The second studio (aka the "Tron Room") is for people to work in parallel on productions or mixing, recording additional vocals and live instruments, recording interviews and general videos, and also functions as a kickass disco roller rink.

I had the area for the space set out in my plans from the start, to be developed later. It was just the outer walls. My friend Nick from Monochrome Sound designs a lot of studios and came up with some nice dimensions for a smaller room with a voiceover-control-room sound (lightly ambient but definitely won't suck your brain out of your ears). He worked out the materials, created the plans for the room-in-room construction and the wood building company got to work. We went "effective and old school" with this. Nick has had a lot of experience building some great sounding rooms for big production teams, and can work with large and small spaces. I also wanted to see if it could be done by being really resourceful, using leftover building materials, and employing ideas that were cheap but effective, without spending tons of money or sacrificing quality. We weren't inventing the wheel here. I've seen people throw a ton of money at studio builds who got the same results as they would have with 10% of the cost, or sounded 10% better, at best, than something that cost half as much. It just needed to sound good, not have any standing waves or flutter, and sound balanced. This wasn't being built for the Fraunhofer Institute.

A simple wooden frame was built on top of the inside walls (twice as deep on the back walls) for sound absorbing materials, with a 10cm gap left for a cable run at the bottom (covered by removable skirting boards that were leftover from an old project). The frame was designed so that it could be covered in 60x60cm Ecophon panels, most of which were leftover from the Studio A build. We needed diffusors so, some sections have 2cm thick front-cover plates from retail diffusor modules (thanks to GIK for supplying the fronts). The interior dimensions weren't going to be a perfect multiple of "X times 60cm wide panels" so, the leftover space was used as a shaft / duct on either side in the wall frames (basically, it's the vertical gap that 's leftover between two segments of wall frames, enclosed by the side plates of the wall frames), covered in some unused laminated wood plates that are fixed with magnets (how do they work?). The ducts / shafts are a really useful bonus as they're used for vertical cabling and LED transformers on one side, and the hose for a soon-to-be-added air exchanger on the other. The ceiling is covered in 120 x 60cm absorbers, with a gap left on the sides for an aluminium LED lighting profile.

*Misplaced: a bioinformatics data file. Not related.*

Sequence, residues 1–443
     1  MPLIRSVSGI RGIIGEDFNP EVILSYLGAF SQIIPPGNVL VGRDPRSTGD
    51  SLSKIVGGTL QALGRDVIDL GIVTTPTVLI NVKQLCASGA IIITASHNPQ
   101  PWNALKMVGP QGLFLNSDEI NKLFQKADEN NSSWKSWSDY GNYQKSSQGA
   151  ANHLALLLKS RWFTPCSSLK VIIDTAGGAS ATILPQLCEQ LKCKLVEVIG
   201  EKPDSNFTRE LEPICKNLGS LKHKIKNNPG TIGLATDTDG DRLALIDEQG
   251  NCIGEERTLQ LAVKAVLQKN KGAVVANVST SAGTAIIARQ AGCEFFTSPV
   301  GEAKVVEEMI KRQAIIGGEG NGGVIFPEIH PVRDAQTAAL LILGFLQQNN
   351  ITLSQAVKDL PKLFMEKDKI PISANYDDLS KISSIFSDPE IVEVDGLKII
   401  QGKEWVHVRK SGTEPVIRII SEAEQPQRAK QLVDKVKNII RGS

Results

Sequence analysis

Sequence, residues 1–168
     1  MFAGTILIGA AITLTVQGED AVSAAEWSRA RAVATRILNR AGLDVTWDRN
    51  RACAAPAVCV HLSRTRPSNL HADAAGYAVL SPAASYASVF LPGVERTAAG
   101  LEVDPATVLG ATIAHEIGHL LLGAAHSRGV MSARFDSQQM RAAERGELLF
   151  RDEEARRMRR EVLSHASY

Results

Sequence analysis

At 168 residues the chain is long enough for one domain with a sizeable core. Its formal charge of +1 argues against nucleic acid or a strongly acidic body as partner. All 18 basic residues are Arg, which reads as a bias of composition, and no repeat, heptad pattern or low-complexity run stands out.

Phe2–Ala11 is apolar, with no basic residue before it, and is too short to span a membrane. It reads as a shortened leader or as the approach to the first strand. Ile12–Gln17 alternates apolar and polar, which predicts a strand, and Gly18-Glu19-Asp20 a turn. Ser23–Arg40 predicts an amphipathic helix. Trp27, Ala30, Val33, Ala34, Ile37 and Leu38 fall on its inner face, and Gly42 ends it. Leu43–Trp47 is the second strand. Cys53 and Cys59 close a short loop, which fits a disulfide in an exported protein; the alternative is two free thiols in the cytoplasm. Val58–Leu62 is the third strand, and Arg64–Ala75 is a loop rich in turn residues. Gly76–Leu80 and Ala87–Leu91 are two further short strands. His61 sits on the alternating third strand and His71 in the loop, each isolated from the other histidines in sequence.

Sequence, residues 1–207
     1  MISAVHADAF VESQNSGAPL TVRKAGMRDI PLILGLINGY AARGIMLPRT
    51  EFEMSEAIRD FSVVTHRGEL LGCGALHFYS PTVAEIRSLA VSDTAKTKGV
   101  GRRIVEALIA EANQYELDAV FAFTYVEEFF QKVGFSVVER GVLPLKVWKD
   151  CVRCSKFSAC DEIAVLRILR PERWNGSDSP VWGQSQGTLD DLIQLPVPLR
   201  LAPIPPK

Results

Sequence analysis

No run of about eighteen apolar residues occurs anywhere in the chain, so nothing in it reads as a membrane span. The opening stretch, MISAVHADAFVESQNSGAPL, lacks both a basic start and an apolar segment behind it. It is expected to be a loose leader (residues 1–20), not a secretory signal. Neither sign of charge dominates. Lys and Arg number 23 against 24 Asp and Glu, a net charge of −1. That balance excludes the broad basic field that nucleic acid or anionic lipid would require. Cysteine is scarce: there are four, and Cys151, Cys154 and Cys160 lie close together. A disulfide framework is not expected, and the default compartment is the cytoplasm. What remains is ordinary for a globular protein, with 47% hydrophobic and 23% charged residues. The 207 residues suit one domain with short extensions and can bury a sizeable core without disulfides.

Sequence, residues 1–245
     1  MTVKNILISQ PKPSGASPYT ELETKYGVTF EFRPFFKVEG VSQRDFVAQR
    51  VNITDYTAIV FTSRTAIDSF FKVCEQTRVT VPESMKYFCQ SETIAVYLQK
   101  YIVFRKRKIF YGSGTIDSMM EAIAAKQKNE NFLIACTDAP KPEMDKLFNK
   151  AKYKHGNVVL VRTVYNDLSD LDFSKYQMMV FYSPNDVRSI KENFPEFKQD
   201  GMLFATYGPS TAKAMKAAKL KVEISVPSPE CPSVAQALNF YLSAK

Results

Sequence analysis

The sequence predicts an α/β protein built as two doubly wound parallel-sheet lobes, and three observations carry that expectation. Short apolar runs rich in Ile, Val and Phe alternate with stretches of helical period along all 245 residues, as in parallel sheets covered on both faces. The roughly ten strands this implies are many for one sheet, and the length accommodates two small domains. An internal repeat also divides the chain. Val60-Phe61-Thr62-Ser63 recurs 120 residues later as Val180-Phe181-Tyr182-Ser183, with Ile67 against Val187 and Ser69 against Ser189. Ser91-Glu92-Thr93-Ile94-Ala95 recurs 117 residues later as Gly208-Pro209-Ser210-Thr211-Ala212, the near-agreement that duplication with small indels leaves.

Which brings me to the LED lighting. This was the fun part, purely because I wanted to try out some lighting ideas, just to see what was possible. There was a method to my madness. After quite a few unsuccessful attempts looking for companies whose imagination stretched beyond everyday ceiling and wardrobe lighting, I found a company who, not only got what I was aiming for but could deliver what I needed. All the company's products are German made, and they've developed and patented some very interesting lighting products that I'm going to use in Studio A. The strips on the side walls look like black, matt, plastic panel-dividers. Or are they? *rubs chin* I could've gone crazy with DMX control or a system that shows a 1 pixel wide video segment all around the room for lighting effects but, no. Let's just stick with a cross between Modernism and Tron, ok? I wanted this to be a multipurpose room that can be used for video, media, mixing, production, friends in town who need to use a studio, or roller-disco aficionados looking for a place to rock it to Tavares.

So, did it work out? Does it sound good? This really is the only question you need to ask. Everything else is superfluous. If it sounds like pants then, your efforts were in vain, no matter how good it looks. These dimensions, the combo of materials, and all the parts of Nick's design, came together to work brilliantly. The sound is really balanced. No ringing from a finger snap or hand clap.

Next task - get some basic furniture and speakers in there.

Photos from the build can be found here
30 Apr 22